The Mole is so mind-bendingly goofy horrifying, I don't dare fully show him to you, just yet.

But as a consolation, please, enjoy this panel of Doctor Abraham Lincoln, Freudian analyst:


Tuesday, October 23, 2007

D-List Monsters of Super-Hero Land: The Spook, Part Three


Sure, anybody can pull off this trick with suction-cup shoes... plus hollow bones, steel rods running from their ankles up to their neck, and a total disregard for the law of gravity.

Or maybe the "startling discovery" is that the Spook forgot to close his robe! (Talk about scary--! I have it on good authority* that the Spook's junk resembles an unbaked brioche.)

The Spook loves to create spectacular illusions that depend on maneuvering Batman into just the right place at just the right time. Conceptually, this is already a bit goofy, but it just gets stupid when these illusions occur in public places. In this story, the Spook rigs a trap door in the middle of Gotham's version of the Triborough Bridge, and a spring-loaded platform in the floor of that museum he's robbing in the above panel -- plus he gimmicked the building's roof! Not to mention, he somehow manages to replace a section of wall in a private home's courtyard -- a wall that borders a street, no less -- with a large section of painted "self-sealing" rubber. ('Cause you can walk right through that shit. If this story is to be believed.)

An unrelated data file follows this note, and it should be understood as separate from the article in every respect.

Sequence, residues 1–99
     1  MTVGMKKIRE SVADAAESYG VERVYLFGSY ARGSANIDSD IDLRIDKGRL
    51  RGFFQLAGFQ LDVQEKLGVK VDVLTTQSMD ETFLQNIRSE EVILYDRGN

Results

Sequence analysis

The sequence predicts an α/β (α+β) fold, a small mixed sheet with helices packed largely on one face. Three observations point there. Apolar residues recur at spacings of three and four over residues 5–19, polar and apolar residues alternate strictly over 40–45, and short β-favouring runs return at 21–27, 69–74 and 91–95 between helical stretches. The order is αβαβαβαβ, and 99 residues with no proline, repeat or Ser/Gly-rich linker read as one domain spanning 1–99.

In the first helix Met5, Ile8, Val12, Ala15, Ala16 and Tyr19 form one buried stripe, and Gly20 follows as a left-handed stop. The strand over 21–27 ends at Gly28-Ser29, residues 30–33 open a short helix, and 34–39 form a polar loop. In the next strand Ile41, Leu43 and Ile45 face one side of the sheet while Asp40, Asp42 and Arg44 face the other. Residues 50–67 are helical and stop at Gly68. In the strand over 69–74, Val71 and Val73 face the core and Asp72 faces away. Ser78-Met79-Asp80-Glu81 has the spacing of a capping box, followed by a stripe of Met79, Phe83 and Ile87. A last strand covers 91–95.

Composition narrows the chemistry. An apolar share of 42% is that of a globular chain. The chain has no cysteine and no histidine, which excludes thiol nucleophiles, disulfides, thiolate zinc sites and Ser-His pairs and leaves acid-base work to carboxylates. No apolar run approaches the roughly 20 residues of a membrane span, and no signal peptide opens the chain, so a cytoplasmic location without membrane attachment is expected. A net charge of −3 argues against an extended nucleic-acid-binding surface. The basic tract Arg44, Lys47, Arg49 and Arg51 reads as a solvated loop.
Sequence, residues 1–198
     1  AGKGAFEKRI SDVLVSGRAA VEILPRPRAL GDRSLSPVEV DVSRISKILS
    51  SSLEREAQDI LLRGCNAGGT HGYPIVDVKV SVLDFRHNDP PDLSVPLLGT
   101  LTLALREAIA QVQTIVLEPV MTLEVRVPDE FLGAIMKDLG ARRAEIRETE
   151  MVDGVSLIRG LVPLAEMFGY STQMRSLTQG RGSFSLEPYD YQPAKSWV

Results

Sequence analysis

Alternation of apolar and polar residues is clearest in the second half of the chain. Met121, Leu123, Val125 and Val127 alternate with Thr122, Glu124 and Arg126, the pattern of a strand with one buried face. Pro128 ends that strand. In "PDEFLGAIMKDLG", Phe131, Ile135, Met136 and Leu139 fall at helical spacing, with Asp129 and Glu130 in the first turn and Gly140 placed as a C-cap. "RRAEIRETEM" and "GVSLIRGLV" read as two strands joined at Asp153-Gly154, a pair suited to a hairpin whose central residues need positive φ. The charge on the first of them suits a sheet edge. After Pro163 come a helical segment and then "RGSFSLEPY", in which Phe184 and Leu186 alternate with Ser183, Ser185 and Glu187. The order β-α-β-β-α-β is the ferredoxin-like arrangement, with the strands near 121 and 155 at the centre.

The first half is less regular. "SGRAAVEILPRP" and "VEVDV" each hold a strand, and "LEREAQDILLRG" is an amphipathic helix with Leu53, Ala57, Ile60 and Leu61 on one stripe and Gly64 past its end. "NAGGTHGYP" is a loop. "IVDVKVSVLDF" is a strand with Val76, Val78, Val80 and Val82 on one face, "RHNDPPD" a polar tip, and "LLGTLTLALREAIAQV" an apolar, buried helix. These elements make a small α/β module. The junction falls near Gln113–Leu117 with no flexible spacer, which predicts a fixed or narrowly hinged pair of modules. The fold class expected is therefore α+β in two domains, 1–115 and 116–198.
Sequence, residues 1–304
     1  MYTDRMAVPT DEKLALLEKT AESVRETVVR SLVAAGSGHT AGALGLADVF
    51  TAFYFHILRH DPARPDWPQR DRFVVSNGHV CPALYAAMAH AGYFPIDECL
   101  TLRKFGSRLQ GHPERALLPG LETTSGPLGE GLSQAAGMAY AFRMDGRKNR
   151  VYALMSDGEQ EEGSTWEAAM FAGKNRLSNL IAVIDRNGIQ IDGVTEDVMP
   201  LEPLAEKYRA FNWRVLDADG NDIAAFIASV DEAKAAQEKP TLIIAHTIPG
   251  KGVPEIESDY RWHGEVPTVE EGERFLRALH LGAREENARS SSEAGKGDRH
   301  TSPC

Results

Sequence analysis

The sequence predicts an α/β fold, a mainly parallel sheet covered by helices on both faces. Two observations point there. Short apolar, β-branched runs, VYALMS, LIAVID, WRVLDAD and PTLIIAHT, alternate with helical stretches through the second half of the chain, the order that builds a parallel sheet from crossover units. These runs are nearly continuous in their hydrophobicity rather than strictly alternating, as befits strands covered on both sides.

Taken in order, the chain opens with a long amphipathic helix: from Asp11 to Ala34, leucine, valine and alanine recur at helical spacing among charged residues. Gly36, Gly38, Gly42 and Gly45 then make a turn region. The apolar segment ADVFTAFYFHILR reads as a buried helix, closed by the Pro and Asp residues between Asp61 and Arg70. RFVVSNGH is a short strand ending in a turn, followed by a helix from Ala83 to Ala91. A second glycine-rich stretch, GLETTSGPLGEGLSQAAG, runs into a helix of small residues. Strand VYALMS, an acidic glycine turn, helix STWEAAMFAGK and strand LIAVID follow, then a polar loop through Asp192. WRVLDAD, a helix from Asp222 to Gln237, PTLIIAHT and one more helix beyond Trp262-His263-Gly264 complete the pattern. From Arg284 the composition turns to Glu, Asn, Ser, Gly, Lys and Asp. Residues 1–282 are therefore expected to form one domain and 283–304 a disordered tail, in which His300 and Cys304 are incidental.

So to sum up, the Spook breaks into a bunch of places to set up intricate magic tricks, and then he goes back later and robs the joints.

And they say the Riddler is messed-up.

But then, the Spook's ultimate scheme was to subliminally brainwash Batman into wanting to kill him! And then... well, it's complicated.


Yeah, I'd say the Spook is having an "unparalleled episode," alright. He's practically foaming at the mouth! Spook, you're dealing with The Gol-Danged Batman! Didn't it occur to you that he might have outsmarted you by pretending to die before you could? Why are you giving a full confession? Quick, feel up his "corpse" for recording devices! No, really. Give it a good, thorough grope.

*i.e. Storm Boy.

Monday, October 22, 2007